LeBron James is one of a select few persons, like Cher, Prince, Kobe, Shaq or Magic, who can be identified by one name. Mention “LeBron,” and most people, even non-basketball fans, will know to whom you are referring. He is generally considered by fans, the media, and, most significantly, other players to be the best active player in the NBA and the face of the sport. Furthermore, he is on the “short list” of the greatest basketball players ever with Michael (Jordan), Magic (Johnson), Wilt (Chamberlain) and Oscar (Robertson), among others. However, the purpose of this blog is not to opine on where James ranks among these all-time greats but, rather, to explore why he has been the subject of so much undue criticism and controversy during his career.
LeBron Raymone James was born on December 30, 1984 in Akron, Ohio. His mother was just 16. He grew up in abject poverty without a father, not exactly a formula for success. Fortunately, he had a talent for basketball and was guided by a local coach who served as male role model and mentor. He became famous in high school where he led his team to three state championships in four years. In addition, he won various individual awards, such as “Ohio’s Mr. Basketball” and “Gatorade National Player of the Year.” Oh, and in his spare time he was a first team all-state tight end on the football team. Probably, he could have succeeded in the NFL if the basketball thing hadn’t worked out. Following high school he went directly to the NBA. The Cleveland Cavaliers drafted him with the first pick of the 2003 draft.
LeBron is different from most other superstars both personally and professionally. For example:
- He has led a clean personal life, devoid of any criminal or civil problems. He has not been linked to drug or alcohol abuse, gotten into any fights at clubs, attacked women, nor abused animals. He is still married to his high school sweetheart and has three children. By all accounts, he has been a fine family man.
- On the court he is very unselfish. Unlike many other superstars, he actually passes the ball. If you are open, he will get you the ball and in a position to score. He makes both other players and his team better. This is critical in basketball, where the most successful teams are normally better than the sum of their parts. (See the NY Knicks of the late 1960s/early 1970s and the recent San Antonio Spurs teams.) Most players want to play with him. His teams overachieve. In 2007 he took an otherwise nondescript Cavs team to the finals where they lost to a superior Spurs team with three likely future Hall of Famers. This year he has carried an undermanned Cavs team, which missed the playoffs last year without him and whose next two best players have been injured, to The Finals again. In Miami he sublimated his skills to blend in with his teammates for the benefit of the team and won two championships.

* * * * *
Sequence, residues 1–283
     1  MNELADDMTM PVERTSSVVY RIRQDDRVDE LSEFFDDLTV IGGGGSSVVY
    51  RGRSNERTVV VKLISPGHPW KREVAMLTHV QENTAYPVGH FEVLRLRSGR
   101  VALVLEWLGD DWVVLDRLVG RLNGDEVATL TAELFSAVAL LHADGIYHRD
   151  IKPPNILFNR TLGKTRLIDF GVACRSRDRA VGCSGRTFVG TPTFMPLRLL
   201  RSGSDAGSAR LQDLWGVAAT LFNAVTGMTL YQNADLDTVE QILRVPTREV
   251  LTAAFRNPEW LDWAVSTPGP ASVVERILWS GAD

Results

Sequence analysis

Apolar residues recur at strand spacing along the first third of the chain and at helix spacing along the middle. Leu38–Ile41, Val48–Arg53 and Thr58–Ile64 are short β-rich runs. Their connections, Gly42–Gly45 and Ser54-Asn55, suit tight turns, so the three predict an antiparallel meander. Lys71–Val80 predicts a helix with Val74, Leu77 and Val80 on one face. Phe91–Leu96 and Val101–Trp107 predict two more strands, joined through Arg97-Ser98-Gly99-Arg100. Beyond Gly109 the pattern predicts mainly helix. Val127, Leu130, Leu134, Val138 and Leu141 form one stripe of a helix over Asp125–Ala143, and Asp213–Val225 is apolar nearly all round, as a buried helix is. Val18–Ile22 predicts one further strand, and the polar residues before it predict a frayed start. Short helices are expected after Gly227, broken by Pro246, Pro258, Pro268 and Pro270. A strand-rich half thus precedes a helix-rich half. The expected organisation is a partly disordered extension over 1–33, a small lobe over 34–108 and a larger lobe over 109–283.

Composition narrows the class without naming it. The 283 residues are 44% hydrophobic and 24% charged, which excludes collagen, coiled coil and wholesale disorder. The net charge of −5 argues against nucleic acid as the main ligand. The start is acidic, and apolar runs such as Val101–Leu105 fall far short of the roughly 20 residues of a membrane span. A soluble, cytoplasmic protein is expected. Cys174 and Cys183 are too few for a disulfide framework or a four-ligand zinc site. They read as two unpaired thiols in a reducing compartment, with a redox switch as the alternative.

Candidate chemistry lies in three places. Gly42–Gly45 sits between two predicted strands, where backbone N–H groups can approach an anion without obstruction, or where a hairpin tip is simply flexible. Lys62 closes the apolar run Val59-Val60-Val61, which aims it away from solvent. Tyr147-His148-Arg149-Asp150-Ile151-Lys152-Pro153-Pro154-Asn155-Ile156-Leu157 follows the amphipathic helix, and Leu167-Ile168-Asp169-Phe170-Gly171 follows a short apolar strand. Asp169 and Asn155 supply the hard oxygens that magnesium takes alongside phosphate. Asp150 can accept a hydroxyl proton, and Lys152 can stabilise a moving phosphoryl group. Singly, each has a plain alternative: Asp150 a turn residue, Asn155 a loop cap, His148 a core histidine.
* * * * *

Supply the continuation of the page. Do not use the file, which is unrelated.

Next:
- He is always working to improve his game. For example, early in his career he was not a great defensive player. Now, he is one of the best and most versatile. He can, and has, guarded every position on the court well. No other player has ever been able to do that. He has improved his outside shooting and his post play, which were once weaknesses.
So, why the criticism and controversy? In my opinion, it all stems from “The Decision.” After the 2009-10 season, LeBron became a free agent. Obviously, many teams wanted to sign him. In July he held a press conference televised on ESPN to announce he was “taking [his] talents to South Beach.” He was widely and bitterly criticized on all fronts.
- The entire city of Cleveland, it seemed, led by the owner, was irate. The owner criticized him vehemently in an open letter to the fans. Some fans publicly burned their LeBron jerseys.
- Much of the media and many players criticized him for leaving the Cavs, even though he had given them seven seasons and was entitled to do so under the rules of free agency.
- The other teams that had courted him were very unhappy he didn’t sign with them.
- Most of all, it seemed everyone was denouncing the announcement, itself. “Unprofessional” was one of the more benign descriptions. Later, LeBron admitted he didn’t handle it well, but we all make mistakes. Lost in the furor was the fact that the telecast raised $6 million for various charities.
At this point, LeBron has rehabilitated himself in the eyes of most of his detractors. However, there are still those that criticize him for any or all of the things mentioned above. Some critics have even turned his unselfish play against him saying that he prefers to pass the ball rather than take the clutch shot with the game on the line. They add that his track record for hitting the clutch shot is poor. Personally, I don’t agree, and according to Henry Abbott, NBA analyst for TruHoop and ESPN, his shooting percentage with the game on the line exceeds that of such renowned clutch shooters as Ray Allen and Kobe Bryant. (Many of those same people criticize other superstars for “forcing” shots through double-teams when teammates are wide open.)
Another common criticism is that LeBron has only won two titles, compared to Jordan’s six. This has more validity in basketball, a sport in which one player can have a strong influence on the outcome of a game, than in other sports, such as baseball or football. But, Jordan had a better supporting cast, notably Scottie Pippin, another all-time great, and one of the best coaches ever in Phil Jackson. In any case, LeBron is still only 30 with 5 or so years of peak performance left, barring injury. That is plenty of time to win more titles and add to his legacy.